Friday, March 8, 2013

On The Road

Discovering South Sudan, the end of Africa’s longest war sees the first tourists arrive in the world’s newest country. By Peter Martell is the BBC correspondent for South Sudan. He has lived in the capital, Juba since 2008

The first whitewater rafts pulled into the green and steamy banks of South Sudan’s ramshackle capital to cheers. It was no really about the achievement itself-the five-day journey down the slow waters of the White Nile river, travelling through the wild forests from the Ugandan border ,wad disturbed only by snorting hippos and an occasional elephant. The celebration was because of a greater achievement, a sing that for a land still reeling from Africa’s longest war, the south is, very slowly, opening up to tourists.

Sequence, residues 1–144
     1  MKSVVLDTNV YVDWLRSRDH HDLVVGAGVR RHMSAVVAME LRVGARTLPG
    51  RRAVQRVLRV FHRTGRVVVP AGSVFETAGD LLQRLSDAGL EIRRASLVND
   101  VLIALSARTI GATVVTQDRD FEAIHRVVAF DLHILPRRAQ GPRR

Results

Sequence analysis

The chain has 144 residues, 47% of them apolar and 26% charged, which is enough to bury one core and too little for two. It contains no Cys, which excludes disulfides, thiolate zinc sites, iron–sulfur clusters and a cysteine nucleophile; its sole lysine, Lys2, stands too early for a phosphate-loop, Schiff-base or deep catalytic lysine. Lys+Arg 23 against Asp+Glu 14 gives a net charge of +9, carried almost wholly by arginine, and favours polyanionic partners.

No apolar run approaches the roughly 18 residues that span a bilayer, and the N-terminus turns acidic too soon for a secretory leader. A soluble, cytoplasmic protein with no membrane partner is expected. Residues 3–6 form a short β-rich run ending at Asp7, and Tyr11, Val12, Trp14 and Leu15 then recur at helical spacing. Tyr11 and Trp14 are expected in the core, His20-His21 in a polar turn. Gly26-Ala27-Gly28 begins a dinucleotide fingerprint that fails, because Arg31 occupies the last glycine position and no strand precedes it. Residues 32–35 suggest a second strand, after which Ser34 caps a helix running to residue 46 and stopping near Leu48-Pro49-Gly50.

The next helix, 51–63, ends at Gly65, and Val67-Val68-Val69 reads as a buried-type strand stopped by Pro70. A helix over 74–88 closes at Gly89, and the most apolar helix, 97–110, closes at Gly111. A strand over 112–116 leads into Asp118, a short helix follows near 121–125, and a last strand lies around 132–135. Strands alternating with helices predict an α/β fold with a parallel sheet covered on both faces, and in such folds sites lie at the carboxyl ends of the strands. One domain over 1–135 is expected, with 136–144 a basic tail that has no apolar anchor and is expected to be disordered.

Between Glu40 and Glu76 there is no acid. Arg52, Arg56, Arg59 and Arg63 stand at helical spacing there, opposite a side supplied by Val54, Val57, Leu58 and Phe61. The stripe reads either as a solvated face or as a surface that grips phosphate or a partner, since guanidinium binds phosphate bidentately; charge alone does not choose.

It wasn’t all straightforward. The paddlers, who included one of the most senior UN peacekeeping officials in the south, were even briefly held by soldiers suspicious of their boats.

South Sudan is the world’s newest nation, splitting from former civil war enemies in the north and dividing Sudan in two. Holidaying in a grossly underdeveloped land like this is not for the faint-hearted, light of pocket or unprepared. But there is huge potential. Over 60 different ethnic groups live here. There are jungles, wetlands and vast grasslands that host the world’s second largest migration of mammals, made by gazelles and antelopes. 

Much remains practically inaccessible. For now, easiest to access is perhaps the south’s most important asset – a people happy with independence, ready to welcome adventurous visitors to their fledgling state.

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